On the other hand, you should show your students that their comments are important by replying to them either on the blog or face to face. Praising the students who regularly write comments also has a great effect on their motivation and consequently increases the number of comments.

Tara: In your teacher’s blog you talk about ways to maintain student interest. One idea I had never heard about was assigning a blog assistant. Is this like the online version of having a “star student”?

Burcu: I don’t have any criteria for choosing blog assistants. However, I tend to choose the ones who look the most hesitant about blogging. It is a great way to make them feel involved. At the beginning, I talk about their responsibilities. (eg. Responding to friends’ comments regularly, finding good links and reporting to the teacher, helping the teacher find interesting content for the blog, etc.) You should see how enthusiastically they are doing their jobs!

Tara: What challenges can teachers expect when attempting to launch a classroom blog?

Burcu: At the beginning, be ready to spend a lot of time on finding content for your blog and moderating student comments. Never feel desperate because it is a trial and error process and soon you will realize that you are getting better every day. Don’t forget that “Motivation will almost always beat mere talent” (Norman R. Augustine). Hopefully the school administration will support your decision to start a class blog. Otherwise you may either have to convince them or forget about blogging with your students.

When you start a class blog, the other teachers may be told to do the same. This is where the problem starts. A lot of teachers are reluctant to use technology since they are quite happy with their traditional materials. Unfortunately, schools do not question their teachers’ attitude towards technology and they take little or no action to help teachers overcome this anxiety. There is a problem of heavy workload as well. Teachers are usually told to use technology but they are not given fewer teaching hours. All these things may lead to serious problems in schools.

Tara: Recently teachers have appeared in the media for having unprofessional relationships with students on Facebook and MySpace. What advice do you have for keeping the classroom blog “professional”?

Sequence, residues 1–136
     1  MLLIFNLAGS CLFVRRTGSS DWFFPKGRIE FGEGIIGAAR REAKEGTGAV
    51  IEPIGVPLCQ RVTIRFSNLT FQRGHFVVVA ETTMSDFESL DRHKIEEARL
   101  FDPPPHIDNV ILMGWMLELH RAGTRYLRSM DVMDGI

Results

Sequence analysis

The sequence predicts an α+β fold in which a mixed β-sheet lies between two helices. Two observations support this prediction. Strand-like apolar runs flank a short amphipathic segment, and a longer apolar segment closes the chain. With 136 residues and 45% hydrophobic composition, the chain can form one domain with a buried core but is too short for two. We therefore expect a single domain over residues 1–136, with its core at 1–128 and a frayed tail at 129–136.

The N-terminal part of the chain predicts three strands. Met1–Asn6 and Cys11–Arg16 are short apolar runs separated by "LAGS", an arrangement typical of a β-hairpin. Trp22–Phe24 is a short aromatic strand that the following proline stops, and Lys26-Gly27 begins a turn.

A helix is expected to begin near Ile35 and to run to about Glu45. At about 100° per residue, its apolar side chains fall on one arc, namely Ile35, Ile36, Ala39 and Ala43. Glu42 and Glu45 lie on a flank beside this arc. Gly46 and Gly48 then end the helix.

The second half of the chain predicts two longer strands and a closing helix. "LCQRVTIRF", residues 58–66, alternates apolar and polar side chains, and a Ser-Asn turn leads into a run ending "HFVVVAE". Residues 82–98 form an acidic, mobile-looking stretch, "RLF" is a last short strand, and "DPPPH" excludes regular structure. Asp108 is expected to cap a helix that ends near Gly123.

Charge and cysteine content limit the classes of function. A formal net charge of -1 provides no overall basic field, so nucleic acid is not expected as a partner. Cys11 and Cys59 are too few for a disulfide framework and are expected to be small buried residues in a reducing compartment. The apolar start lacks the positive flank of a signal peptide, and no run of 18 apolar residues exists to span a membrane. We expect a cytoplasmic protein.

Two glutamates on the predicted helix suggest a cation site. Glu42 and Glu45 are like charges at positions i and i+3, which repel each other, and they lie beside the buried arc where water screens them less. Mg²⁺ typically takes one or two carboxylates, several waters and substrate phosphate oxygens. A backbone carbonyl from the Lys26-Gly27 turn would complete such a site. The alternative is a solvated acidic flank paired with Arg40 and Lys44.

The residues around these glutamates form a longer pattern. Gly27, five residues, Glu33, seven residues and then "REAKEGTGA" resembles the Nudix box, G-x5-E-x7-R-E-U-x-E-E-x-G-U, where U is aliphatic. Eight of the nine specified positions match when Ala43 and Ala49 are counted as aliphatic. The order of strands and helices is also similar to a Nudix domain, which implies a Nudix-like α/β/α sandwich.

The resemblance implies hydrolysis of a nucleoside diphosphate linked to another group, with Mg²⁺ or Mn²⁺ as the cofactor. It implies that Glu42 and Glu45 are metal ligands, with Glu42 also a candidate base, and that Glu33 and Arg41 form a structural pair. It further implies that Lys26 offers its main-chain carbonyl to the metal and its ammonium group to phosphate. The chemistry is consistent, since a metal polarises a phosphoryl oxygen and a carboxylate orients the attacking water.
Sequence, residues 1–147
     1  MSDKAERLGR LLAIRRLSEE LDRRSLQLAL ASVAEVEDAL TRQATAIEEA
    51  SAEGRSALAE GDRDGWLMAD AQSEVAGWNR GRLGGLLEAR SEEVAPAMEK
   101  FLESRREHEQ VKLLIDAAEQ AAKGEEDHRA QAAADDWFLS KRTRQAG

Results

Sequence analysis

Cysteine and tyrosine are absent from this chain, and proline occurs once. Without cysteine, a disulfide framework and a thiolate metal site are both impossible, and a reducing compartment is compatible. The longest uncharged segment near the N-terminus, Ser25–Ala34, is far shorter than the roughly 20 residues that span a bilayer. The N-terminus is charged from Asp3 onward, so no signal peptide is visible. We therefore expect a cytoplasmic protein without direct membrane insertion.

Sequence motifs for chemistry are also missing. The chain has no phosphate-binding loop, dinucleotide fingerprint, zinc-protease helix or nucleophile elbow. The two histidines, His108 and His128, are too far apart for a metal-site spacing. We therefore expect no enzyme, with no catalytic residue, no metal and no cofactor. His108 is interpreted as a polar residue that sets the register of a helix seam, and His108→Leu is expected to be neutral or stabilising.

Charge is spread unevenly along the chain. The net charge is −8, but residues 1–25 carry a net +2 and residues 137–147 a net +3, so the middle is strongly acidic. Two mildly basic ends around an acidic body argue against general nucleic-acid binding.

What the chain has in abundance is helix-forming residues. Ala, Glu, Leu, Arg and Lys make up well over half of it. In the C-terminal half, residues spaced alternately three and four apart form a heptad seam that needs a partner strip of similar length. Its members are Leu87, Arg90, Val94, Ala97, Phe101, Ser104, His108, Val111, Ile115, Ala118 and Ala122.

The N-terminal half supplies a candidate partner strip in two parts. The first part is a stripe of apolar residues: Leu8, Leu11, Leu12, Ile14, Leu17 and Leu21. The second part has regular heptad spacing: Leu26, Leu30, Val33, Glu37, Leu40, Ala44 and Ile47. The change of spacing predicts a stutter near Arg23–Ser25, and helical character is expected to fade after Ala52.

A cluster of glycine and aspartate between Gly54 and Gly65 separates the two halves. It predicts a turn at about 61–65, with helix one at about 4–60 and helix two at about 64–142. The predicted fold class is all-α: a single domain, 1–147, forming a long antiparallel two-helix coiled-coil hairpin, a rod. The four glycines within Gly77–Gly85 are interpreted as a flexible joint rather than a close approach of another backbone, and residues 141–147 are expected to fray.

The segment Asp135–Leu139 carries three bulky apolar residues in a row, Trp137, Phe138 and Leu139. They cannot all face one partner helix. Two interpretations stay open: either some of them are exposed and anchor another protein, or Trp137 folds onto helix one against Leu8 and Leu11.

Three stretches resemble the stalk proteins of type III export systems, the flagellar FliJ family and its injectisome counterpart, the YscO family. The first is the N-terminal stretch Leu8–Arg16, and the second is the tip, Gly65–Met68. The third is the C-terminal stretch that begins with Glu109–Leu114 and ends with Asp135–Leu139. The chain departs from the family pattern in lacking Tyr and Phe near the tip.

Burcu: The only key to keeping your blog professional is setting rules and clear criteria at the very beginning. Your students should know that there will be consequences if they do not follow the rules. These consequences may differ according to your students’ age level. My students are very young (10-year-olds). When a student of mine sends an inappropriate comment, I usually warn that student privately and the problem never occurs again.

Tara: Your blog for teachers caught our attention via a Tweet to a post you wrote about the ELT Twitter users you follow. What tricks do you have for maintaining an audience for your classroom blog?

Burcu: Actually, I don’t have any. I sometimes refer to my class blog in the articles that I post to my EFL blog and this way the class blog gets visitors. My target audience is my own students although we feel good when we have visitors from other countries. However I can say that I have a lot of tricks for maintaining my own students’ interest.

Tara: I read that you are hoping to give your TEFL blog a makeover (we like it how it is!). Your current classroom blog is extremely colourful and interactive. How important is the look of a classroom blog and how can teachers create an attractive web space for students?

"Teachers who want to create an attractive blog for their students should write catchy titles for their blog posts and use lively colours and interesting images. Using different widgets on the sidebars helps as well." Burcu

“Teachers who want to create an attractive blog for their students should write catchy titles for their blog posts and use lively colours and interesting images. Using different widgets on the sidebars helps as well.” Burcu

Burcu: Thank you! I decided not to give my teacher blog a makeover so soon. I received very useful comments from experienced bloggers and I agree with them that developing strong readership should be my priority.The situation is different for a class blog. Especially if your students are young, the look of the blog is as important as the content. If they do not find the blog visually attractive, they will not want to visit it.

Written by Tara Benwell for TEFL.net
July 2009 | Filed under Interviews
Tara Benwell is a Canadian freelance writer and editor who specializes in materials for the ELT industry.